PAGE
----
These things we do – these lifts, these jumps, these pulls, these games – they're hard.
They're hard because we do them fast and heavy. And they're also hard because they're technically demanding.
One big reason that GloboGyms succeed? They water down exercise to its lowest common denominator. They remove the 'think about it' barrier. It's idiot-proof. It's Wonder Bread. It's vanilla. There's never a risk in choosing vanilla, because you always know what you're going to get.
Not so with a clean and jerk. Kids – little kids! – practice technique in these lifts for years before they ever touch a bar. They lift broomsticks and PVC pipe and aluminum lookalikes. Weightlifting is a sport, but it sits on the spectrum somewhere between gymnastics and martial arts and powerlifting. It's graceful and technical and nuanced and beautiful. And it requires coaching.
Under heavy load, it's hard to do a perfect clean. Full, triple-extension pulling power is nearly impossible on the second rep, let alone the thirteenth. And this is where the argument lies, both within the CrossFit community and without: at what point do you sacrifice technique for intensity? And when do you 'shut it down' to execute better technically?
In a famous speech, Coach (Greg Glassman) makes a few great points about Technique v. Intensity. The video is NOT workplace safe (f-bombs away!) but here are some highlights, edited for obscenity:
"The real risk lies in not learning the mechanics. Now, real world, can we learn the mechanics without ***ing up? No!" He's talking about operating in the margins: the farther you go from mediocrity, from vanilla, the more risk you're taking, and the more you have to be willing to err. That's a good thing.
"My best performers are moving through the workouts at what – I'd give them, like, a 92 on form." That's still really good, but maybe not realistic for the average CrossFitter. Heck, someday I'd LOVE to earn a 92 on form on a snatch, period. However: "There's efficiency in good mechanics. When we define 'strength' as the productive application of force, I -by necessity – introduce form and safety into the demands." Aha. "I'm not just looking at contractile force; I want…..productive work. I want functional movement accomplished."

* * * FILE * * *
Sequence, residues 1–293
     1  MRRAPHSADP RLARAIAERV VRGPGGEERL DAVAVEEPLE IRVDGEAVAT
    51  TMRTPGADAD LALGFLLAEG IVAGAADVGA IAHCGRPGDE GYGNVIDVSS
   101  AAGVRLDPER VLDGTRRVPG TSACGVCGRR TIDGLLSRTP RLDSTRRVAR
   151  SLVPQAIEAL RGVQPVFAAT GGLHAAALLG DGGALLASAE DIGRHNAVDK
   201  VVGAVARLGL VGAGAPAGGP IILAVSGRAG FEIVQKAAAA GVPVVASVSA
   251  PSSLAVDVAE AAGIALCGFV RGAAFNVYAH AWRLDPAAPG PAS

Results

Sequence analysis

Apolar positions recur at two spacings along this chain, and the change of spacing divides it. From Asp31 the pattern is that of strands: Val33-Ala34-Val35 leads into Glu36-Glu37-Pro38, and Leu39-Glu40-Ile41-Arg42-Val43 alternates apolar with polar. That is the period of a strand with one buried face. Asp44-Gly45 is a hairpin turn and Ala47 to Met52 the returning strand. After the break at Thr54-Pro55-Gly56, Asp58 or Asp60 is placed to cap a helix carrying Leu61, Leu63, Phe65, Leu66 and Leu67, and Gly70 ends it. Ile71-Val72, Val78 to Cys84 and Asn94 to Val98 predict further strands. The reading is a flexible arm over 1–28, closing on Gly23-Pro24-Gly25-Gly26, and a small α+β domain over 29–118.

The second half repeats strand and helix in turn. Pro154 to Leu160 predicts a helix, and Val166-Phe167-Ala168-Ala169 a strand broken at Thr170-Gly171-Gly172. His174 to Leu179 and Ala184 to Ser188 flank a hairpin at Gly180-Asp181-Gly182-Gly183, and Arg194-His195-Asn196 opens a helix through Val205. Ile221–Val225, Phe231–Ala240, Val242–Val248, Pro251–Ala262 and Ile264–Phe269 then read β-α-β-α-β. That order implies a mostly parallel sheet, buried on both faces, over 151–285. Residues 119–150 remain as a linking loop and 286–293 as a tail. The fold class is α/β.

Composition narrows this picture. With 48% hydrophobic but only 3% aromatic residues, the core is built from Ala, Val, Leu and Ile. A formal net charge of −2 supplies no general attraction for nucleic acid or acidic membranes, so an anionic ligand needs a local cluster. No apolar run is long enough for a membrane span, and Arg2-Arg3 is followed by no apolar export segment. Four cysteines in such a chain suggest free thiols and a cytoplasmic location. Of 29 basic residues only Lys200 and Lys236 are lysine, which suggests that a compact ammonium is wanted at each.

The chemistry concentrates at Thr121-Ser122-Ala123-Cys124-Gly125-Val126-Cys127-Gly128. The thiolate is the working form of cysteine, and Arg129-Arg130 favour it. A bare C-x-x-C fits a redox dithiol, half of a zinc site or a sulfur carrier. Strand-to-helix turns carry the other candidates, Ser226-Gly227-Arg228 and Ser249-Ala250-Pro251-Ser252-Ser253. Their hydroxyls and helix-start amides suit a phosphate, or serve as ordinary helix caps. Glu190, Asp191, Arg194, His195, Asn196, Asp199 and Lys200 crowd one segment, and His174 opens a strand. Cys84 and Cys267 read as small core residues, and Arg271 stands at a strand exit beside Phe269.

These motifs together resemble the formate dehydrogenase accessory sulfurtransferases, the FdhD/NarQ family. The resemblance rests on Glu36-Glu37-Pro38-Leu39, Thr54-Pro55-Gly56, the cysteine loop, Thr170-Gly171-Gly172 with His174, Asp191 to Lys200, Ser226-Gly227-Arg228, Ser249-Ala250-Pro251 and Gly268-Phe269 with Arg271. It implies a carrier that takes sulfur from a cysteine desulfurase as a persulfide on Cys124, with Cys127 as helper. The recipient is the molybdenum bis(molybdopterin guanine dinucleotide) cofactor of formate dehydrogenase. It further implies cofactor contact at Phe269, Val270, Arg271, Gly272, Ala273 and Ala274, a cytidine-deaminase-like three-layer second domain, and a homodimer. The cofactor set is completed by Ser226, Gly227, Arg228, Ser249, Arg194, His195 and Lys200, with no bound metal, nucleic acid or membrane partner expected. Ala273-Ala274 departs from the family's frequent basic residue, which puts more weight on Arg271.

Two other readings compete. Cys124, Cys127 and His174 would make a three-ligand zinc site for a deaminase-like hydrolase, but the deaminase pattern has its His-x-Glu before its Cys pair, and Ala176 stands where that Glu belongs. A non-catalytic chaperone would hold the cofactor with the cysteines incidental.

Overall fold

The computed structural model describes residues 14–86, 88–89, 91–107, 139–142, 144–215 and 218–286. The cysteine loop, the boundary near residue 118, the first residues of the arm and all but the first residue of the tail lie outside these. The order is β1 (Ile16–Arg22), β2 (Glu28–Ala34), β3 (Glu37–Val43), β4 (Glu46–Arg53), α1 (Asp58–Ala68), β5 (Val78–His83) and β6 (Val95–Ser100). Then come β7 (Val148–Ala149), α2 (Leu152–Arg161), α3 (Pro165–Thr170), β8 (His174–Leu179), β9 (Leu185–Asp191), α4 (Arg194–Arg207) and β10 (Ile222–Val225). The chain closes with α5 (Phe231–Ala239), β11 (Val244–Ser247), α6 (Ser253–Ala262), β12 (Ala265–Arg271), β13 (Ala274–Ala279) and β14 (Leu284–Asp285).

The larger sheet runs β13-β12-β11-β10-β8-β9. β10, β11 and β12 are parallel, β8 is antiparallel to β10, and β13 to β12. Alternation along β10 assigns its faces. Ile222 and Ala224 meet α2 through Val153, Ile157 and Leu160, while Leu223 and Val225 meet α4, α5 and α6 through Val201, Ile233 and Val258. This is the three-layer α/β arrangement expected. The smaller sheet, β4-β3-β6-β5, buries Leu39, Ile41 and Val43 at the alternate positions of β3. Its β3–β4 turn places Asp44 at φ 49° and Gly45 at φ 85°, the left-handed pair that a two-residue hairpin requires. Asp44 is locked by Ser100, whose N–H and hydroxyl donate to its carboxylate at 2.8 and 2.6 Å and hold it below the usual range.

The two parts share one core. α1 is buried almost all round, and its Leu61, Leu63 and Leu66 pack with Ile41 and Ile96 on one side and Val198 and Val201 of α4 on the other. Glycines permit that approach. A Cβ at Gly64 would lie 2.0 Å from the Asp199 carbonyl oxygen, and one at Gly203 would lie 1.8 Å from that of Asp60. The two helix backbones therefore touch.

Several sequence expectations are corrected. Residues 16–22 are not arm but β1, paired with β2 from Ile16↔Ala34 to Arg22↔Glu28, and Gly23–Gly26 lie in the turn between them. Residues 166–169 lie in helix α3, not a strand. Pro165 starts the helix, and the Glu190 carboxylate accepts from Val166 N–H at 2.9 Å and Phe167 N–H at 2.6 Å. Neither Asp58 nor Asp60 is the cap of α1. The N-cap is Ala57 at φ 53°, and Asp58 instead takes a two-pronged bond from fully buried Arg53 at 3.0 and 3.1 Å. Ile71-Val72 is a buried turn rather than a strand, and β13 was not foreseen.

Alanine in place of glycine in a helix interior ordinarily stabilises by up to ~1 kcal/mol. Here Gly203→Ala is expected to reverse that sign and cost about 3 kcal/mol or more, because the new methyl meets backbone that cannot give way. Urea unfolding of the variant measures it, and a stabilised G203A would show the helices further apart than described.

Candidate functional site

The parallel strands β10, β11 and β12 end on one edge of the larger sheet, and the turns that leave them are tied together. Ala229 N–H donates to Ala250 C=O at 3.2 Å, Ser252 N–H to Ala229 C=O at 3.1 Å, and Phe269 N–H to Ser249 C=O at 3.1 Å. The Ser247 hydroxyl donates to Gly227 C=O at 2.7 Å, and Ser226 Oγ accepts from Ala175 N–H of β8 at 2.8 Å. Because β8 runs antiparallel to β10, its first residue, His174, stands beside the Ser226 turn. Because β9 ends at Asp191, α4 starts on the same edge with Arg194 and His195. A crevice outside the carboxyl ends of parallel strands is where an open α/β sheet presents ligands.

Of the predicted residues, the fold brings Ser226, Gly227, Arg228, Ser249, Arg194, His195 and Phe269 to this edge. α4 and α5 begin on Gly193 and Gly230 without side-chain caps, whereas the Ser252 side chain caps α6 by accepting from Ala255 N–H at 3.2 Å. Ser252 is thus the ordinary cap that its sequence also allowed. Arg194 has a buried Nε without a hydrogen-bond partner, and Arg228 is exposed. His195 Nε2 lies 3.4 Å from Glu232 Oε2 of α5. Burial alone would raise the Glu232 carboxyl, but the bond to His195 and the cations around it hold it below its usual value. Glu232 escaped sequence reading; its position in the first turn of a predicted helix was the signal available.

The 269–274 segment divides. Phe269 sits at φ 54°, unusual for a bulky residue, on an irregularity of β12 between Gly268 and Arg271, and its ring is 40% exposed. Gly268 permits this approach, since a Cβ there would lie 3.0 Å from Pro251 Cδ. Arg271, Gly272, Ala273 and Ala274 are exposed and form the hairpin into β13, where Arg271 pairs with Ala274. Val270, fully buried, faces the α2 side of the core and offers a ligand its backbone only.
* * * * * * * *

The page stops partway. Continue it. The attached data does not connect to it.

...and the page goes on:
Some classic Glassman illustrations: "No one ever won the Indy 500 where, in the last 5 miles, they were only running on two cylinders."
"(she) was a real connoisseur of good form. Never able to generate any intensity. What's going to happen is that if you say, I will not take my intensity past where the form goes bad, you'll never generate any intensity."
One more good one: "Do I want good technique, or high intensity? Yes. It's like asking, do you want me to meet you in the right place, or be on time? Yes. It's gotta be both."
One thought that's my own: it's one thing to have perfect execution in a perfect situation. It's quite another to focus enough to perform the movement under fatigue, or distraction, or haste, or duress. Practice in those situations is absolutely necessary. A trailer of firewood tips as you're pulling it home? Do you want to get it back on the trailer fast, or do you do one block at a time with a prescribed rest period between each? You're loading sandbags to stem a flood in your basement: do you change shoes, chalk up, and put your belt on? Your buddy calls you to help move his refrigerator: do you go looking for straps, and insist on a few reps with his little bar fridge first? No. Outside the gym, the setup will never be perfect, the load never balanced, the curveball never right across the plate. You MUST learn adaptation here; you must learn to deal with imperfection.